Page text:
Jennifer Kostick– Jennifer Kostick is an author and speaker who teaches women how to activate their life’s purpose through the study of Scripture. Jennifer knows more about grief and loss than she ever thought she would, but Jesus met her in the middle of fierce storms and held her tightly with an even fiercer love. In addition to her love of teaching the powerful truth of Scripture, Jennifer is married to Paul, her husband of twenty-five years, has three children, and a beautiful daughter-in-law! She is also a full-time seminary student… because you can never know too much about the Bible! Jennifer blogs at www.Jenniferkostick.com and is passionate about encouraging women through a godly message of mercy and hope.
I wish I could tell you why I’ve chosen to sit down and write. Maybe it’s because I think it might help me feel better. Perhaps it’s because as much as I want to throw my hands in the air and tell God I’m done doing everything it is He wants me to do, I can’t. I don’t want to write, but it’s as if something on the inside burns until I get the words out. He won’t let me quit.
I also wish I could tell you I had some sort of plan for what I’m about to say. I don’t, so hold on tight. I’m not sure what’s even safe to convey at this point. My emotions have gone wild and for the first time in my life I have no interest in taking command of them. I feel entitled. Entitled to yell and scream and rant and rave and tantrum about how I don’t deserve to suffer what I’m suffering. However, truth is truth: Jesus didn’t say I wouldn’t suffer, He only said I wouldn’t suffer alone.
In the quiet spaces inside my head where no one can hear me, I use different terminology to explain my situation. For example:
Merry Christmas to me… I am motherless.
I don’t have a mother.
My mother died.
My mom is gone.
I feel like an orphan.
And the list goes on and on.
I feel as if I’m broken beyond repair. My brother died only five months ago, and now my mother. Three years ago, I lost my stepfather. My entire immediate family is gone. That old saying, “You can’t go home again”, well, I finally understand what it means.
But, does it matter?
You see, when I think I can’t go home again, I’m reminded that this world is not my home. (See Hebrews 13:14) When I become angry, telling myself I’m a good, God-fearing woman who does not deserve to suffer, I’m reminded how much Jesus, who lived a perfectly sinless life, suffered. Perspective matters.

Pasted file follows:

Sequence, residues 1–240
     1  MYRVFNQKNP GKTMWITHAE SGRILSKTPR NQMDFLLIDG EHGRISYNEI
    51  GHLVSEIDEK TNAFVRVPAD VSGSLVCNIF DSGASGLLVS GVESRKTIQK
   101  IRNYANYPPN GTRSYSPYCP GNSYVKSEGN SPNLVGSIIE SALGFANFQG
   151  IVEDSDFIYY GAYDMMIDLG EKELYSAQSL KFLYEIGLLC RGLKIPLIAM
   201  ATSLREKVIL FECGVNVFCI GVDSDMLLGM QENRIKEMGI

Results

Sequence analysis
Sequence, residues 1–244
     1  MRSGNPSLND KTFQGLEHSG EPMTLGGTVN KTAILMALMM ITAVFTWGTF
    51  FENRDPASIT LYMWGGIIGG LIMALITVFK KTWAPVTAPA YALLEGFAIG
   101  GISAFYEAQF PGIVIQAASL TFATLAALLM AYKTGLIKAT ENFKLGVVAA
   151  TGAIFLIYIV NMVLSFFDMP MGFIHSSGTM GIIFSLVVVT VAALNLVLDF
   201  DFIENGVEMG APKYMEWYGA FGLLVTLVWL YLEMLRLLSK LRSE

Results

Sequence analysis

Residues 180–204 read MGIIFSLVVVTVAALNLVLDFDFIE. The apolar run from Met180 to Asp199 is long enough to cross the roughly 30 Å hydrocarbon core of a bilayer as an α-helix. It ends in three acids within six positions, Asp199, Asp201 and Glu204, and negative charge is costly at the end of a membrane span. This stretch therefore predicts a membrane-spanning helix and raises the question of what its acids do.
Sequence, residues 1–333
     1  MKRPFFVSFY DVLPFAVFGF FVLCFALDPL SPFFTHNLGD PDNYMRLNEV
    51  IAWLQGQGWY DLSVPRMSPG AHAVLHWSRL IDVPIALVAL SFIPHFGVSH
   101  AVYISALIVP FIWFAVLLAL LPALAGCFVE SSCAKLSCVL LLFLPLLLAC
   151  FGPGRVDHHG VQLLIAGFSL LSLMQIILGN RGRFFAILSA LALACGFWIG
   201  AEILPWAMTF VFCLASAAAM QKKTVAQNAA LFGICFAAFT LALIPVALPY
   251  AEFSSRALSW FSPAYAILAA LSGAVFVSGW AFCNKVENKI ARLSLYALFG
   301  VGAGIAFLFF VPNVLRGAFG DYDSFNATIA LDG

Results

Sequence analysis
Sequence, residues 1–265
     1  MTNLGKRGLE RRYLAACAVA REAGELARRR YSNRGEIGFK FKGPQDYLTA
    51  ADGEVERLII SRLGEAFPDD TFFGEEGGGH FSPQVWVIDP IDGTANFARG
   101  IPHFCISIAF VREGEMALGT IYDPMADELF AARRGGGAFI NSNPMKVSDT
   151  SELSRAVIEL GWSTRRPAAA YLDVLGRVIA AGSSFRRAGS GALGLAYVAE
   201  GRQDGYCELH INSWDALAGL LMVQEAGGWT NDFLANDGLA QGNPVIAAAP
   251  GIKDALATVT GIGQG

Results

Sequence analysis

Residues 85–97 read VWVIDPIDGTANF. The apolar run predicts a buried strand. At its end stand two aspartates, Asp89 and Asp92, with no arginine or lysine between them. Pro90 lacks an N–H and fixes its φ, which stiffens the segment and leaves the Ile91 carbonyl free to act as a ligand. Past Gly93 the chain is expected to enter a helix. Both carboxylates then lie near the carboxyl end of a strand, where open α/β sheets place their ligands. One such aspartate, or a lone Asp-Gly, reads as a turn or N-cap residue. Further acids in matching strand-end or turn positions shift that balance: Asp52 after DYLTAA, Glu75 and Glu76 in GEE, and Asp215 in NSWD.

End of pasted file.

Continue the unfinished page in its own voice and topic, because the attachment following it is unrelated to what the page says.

Oh friend, I have no idea what God is doing in my life, but among all the tragedy I know it’s good. That sounds crazy to even say at this point, but THE God of the impossible seems to take us down illogical paths. Those pathways lead to wholeness. I know because I’ve been healed from other grief, and I’ve no doubt I’ll be healed of this. It won’t happen overnight, but it will happen.
My mother once told me that when she was a little girl, she would stand on the side of the bathtub to pray. As a young child, she reasoned that the higher up she was when she prayed, the closer she would be to God, and the better He could hear her. She had lots of stories like that. God pursued my mom from an early age. So much so, she was willing to climb to get to His throne.
If you’re dealing with any kind of crisis at all, please hear what I’m about to say.
God pursues ALL of us! My mother wasn’t an exception, I am not an exception. Each one of us was given a purpose to fulfill here. In the book of Acts, Luke writes about David…
“Now when David had served God’s purpose in his own generation, he fell asleep; he was buried with his ancestors and his body decayed…”
When it comes to my mother, it’s very difficult for me to see how someone so young, with so many years ahead, could have possibly fulfilled her purpose already. However, I’m not God and I don’t know. I have to trust Him. One thing I do know: I’m still here, and I’m NOT done.
God is chasing me, at this very moment, at a rapid pace. I’ve never felt Him fighting for me the way I feel He’s fighting now. This means I cannot stop doing what He ordained me to do. Do you remember when Jeremiah was so tired of his tasks that he was ready to quit? He quickly had a revelation.
“But if I say, “I will not mention His Word or speak anymore in His name,” His word is in my heart like a fire, a fire shut up in my bones. I am weary of holding it in; indeed, I cannot.”
I’m surrounded in tragedy, and yet, I can feel the fire of God in my bones. My emotions might be running wild but God is reining and ruling and reviving the truth in me. That truth will set me free from what I feel and knit me close to what I know. He is alive and active in my healing.
He’s chasing you, too. He’s alive and active in your healing, too.
As we celebrate Christmas, I think it’s important for all of us who are grieving to refocus our hearts and minds. Christmas is not about who is missing, it’s about who has come: Jesus.
As much as my mother loved me, and she loved me with the best kind of love, she did not hold the power to save me. Christ, the One who came, saved my soul and made me free.
“For unto you is born this day in the city of David a Savior, who is Christ the Lord.”
This Christmas, may you be conscious of the wild pursuit over your life. There is a chase in progress made to fan the flame within you, setting you free to live purpose in a way only you can.